This time of year, bookstores overflow with "gift books," most of them oversized doorstops filled with beautiful, expensive fluff. You know the type: the joy of poodles; repetitive scenes of Tuscany; opulent home interiors; the magic of azaleas; whatever -- books you aimlessly flip through while waiting for something interesting to happen. But as the Bible says, Fear not, for unto you is given this day gift books that won't bore the BeJesus out of you. Let me recommend some good-looking books that your holiday giftees may find enticing -- and take time to, like, actually read. These books probably won't wind up collecting dust on your friends' coffee tables.
I Like You: Hospitality Under the Influence by Amy Sedaris (Warner Books, 304 pages, $27.99)
Sedaris, star of the cult comedy hit show Strangers With Candy, is one of the funniest people alive, and is known in New York for her great parties and her cooking. This guide to throwing parties is deadpan hilarious, filled with Sedaris' patented wacked-out humor as well as real tips that range from decorating ideas to recipes to a how-to guide to putting on pantyhose. She even gives valuable advice, such as hints on avoiding etiquette mistakes. (Never introduce someone this way: "This is Barbara, she can't have children".) Illustrated lavishly with photos and kitschy artwork.
Rainforest by Thomas Marent (DK Adult, 360 pages, $40)
Marent, a self-taught photographer, has spent 16 years traveling to rainforests around the world. Now he's produced one of those "scenes of ... " books, but it's a fascinating one that will wind up well-thumbed and ooh-ed and ahh-ed over. Rainforest is a breathtaking collection of Marent's life work. Stunning panoramas are matched by impossibly intimate shots of birds, monkeys and other animals, as well as extraordinary plants, most of which you've probably never seen before. A mesmerizing and invaluable book, it should convince even environmental skeptics that the planet's rainforests have to be saved.
The Rejection Collection: Cartoons You Never Saw, and Never Will See, in The New Yorker by Matthew Diffee and Robert Mankoff (Simon & Schuster, 272 pages, $22.95)
It's smaller and thinner than most gift books, but The Rejection Collection is a must-have for anyone who is a fan of The New Yorker's cartoons. These are works that were considered "too risqué, silly, or weird" by the magazine's editors, granting a look at the stranger, and often darker, side of some of the venerable publication's regular cartoonists. It can be startling to see these politically incorrect and just plain rude cartoons, drawn in The New Yorker's familiar styles, but that's half the fun. The cover illustration -- an alcoholic ventriloquist chugging whiskey while his dummy throws up -- says it all.
The Oxford Companion To Wine by Jancis Robinson (Oxford University Press, 840 pages, $65)
At 840 pages, this gift book might be a genuine doorstop, but it's as informative as it is thick. If you want to know anything about wine, it's here. Grape varieties, specific wines, wine production, countries and regions, historical anecdotes, how to serve wine, matching wines to food -- you name it and this book has it. Even better, it's written in a pretty lively style and contains hundreds of full-color photos and illustrations. If your friend is a wine connoisseur or would like to be, and deserves 65 bucks' worth of good will, this is the one.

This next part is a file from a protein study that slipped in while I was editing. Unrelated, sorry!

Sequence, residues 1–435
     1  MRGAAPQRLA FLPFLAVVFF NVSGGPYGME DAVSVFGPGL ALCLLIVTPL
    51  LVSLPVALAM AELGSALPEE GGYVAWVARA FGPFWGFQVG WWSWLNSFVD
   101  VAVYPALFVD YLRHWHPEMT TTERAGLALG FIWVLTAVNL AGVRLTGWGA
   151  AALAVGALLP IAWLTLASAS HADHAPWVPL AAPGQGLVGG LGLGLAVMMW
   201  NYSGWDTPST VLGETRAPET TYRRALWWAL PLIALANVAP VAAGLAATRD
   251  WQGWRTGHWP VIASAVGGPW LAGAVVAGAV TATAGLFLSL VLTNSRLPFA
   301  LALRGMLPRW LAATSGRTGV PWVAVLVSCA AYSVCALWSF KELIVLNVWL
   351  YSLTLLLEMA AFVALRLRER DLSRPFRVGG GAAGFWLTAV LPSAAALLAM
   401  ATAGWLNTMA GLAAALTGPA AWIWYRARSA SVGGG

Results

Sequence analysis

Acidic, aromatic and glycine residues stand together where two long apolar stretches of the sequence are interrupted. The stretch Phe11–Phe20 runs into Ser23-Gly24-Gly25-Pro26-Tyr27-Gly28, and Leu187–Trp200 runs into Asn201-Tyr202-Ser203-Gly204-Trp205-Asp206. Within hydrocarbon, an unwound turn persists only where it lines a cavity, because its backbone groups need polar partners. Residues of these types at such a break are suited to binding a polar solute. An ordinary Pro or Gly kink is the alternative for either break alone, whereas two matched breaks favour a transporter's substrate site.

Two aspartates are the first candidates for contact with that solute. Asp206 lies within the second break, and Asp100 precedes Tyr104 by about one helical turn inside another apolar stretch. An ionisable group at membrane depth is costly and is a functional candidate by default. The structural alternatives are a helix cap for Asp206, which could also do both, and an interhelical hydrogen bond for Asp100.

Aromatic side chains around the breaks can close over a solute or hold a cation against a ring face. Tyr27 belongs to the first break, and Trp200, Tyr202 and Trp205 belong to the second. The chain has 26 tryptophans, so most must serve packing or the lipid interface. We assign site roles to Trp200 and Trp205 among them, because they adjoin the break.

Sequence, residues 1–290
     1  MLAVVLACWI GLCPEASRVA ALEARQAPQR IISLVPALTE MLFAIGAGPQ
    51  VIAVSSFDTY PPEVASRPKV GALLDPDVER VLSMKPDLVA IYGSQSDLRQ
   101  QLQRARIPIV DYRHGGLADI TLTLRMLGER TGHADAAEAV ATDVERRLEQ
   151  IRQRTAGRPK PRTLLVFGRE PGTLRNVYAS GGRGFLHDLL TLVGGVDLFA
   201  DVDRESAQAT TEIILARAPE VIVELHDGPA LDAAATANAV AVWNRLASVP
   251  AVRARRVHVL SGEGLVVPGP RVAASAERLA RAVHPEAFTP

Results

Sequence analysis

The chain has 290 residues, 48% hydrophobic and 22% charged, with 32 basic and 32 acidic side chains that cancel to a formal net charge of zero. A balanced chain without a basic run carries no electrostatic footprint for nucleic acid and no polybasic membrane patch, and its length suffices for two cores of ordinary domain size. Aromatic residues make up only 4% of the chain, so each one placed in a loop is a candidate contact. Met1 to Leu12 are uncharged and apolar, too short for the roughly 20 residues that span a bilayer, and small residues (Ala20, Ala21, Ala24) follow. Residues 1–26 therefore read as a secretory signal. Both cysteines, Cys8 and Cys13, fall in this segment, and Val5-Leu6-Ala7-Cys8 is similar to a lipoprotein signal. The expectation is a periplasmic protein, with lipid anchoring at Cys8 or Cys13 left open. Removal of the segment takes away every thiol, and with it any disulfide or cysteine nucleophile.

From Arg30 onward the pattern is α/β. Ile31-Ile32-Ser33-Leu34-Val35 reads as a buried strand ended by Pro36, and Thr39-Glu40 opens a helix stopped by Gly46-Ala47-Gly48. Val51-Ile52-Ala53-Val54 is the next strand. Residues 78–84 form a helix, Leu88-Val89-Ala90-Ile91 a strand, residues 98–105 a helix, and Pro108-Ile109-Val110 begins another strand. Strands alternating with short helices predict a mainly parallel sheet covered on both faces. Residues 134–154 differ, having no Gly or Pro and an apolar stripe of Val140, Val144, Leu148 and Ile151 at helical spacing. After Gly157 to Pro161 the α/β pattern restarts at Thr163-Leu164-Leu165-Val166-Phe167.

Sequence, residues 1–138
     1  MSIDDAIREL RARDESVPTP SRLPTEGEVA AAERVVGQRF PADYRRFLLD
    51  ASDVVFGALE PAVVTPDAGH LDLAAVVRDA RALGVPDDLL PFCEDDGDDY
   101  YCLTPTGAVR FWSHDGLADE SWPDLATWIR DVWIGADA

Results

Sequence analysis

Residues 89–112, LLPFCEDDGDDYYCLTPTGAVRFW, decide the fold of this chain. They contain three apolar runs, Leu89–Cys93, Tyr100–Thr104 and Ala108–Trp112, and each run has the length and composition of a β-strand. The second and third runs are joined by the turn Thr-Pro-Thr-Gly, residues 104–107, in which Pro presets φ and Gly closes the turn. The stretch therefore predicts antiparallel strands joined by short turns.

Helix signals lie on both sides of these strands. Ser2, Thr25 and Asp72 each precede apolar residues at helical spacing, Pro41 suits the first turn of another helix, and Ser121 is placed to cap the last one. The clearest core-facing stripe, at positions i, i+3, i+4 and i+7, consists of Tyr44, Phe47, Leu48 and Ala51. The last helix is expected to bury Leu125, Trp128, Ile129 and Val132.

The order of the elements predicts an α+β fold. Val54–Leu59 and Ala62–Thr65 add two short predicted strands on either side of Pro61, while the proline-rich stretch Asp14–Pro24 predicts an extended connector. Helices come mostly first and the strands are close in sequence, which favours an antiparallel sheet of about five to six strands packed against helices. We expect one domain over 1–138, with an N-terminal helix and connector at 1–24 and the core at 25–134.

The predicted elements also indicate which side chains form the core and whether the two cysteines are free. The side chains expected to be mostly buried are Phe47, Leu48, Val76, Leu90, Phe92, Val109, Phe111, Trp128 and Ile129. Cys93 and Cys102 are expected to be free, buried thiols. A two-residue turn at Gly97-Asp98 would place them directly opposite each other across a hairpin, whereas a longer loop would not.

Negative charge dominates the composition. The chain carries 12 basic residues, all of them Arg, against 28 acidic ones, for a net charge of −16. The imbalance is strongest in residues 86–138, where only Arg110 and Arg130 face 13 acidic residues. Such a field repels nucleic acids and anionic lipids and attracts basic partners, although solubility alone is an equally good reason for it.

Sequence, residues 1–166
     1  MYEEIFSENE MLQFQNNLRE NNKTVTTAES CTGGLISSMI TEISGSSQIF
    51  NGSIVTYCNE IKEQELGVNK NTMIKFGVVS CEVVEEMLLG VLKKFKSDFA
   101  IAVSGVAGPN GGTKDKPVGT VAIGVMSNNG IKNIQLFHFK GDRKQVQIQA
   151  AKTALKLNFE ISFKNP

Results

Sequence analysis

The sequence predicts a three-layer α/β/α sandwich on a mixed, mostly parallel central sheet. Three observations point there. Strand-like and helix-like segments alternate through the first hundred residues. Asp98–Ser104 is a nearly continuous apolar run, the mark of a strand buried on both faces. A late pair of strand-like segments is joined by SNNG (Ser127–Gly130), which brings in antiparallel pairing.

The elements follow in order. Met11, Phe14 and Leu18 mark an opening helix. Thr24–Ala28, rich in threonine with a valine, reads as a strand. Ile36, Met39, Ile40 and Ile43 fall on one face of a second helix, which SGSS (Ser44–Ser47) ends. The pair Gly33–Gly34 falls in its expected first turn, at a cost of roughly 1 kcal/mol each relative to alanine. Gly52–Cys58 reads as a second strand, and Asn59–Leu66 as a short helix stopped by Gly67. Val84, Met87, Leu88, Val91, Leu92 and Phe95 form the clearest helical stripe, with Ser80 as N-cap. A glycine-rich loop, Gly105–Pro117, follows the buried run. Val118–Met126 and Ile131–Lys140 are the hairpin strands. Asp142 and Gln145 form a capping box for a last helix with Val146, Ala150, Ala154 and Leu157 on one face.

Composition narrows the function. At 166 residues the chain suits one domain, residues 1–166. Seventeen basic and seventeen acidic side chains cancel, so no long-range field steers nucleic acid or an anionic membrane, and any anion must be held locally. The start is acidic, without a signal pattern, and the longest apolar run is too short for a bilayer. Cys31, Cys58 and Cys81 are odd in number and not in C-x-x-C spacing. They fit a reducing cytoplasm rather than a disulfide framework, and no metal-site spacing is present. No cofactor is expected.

The Pop-Up Book of Celebrity Meltdowns by Mick Coulas, Heather Havrilesky & Bruce Foster (DK Adult, 22 pages, $29.95)
Satirists gone wild! The most ingenious pop-up book yet, this is an eye-popping and hysterical work showcasing 10 legendary public crack-ups. See Michael Jackson dangle his kid over a balcony. Pull a tab and watch Tom Cruise jump up and down on Oprah's couch. Open the book and watch Janet Jackson' breast pop out during the Super Bowl, right in your face. See Paris Hilton making her, um, film debut. The fantastic caricatures and artwork make this one a keeper, even though Mel Gibson didn't get raving drunk soon enough to be included.
The Design of Dissent: Socially and Politically Driven Graphics by Milton Glaser et al. (Rockport Publishers, 240 pages, $30)
Here's the perfect book for the political leftie on your list who's also a graphics freak. OK, that's seriously narrow market targeting, but The Design of Dissent is still an attention-grabbing, if rather disorganized, book. A collection of posters, buttons and other contemporary protest graphics, it's visually captivating and gives readers a look at how widespread dissatisfaction over the war, globalization and environmental destruction really is.
U2 by U2 by U2 (duh) & Neil McCormick (HarperEntertainment, 352 pages, $39.95)
They're a rock band! They're a social phenomenon! They're walking gods! They're washed-up retreads! Wherever your friends fall in the U2 opinion spectrum, they'll probably go nuts over this in-depth, first-hand, generously illustrated history of the band. On second thought, the "washed-up retreads" folks may not be interested, but this is still the most thorough, detailed look yet produced of one of the world's biggest bands.
Is it necessary to use curse language when reviewing a children's musical?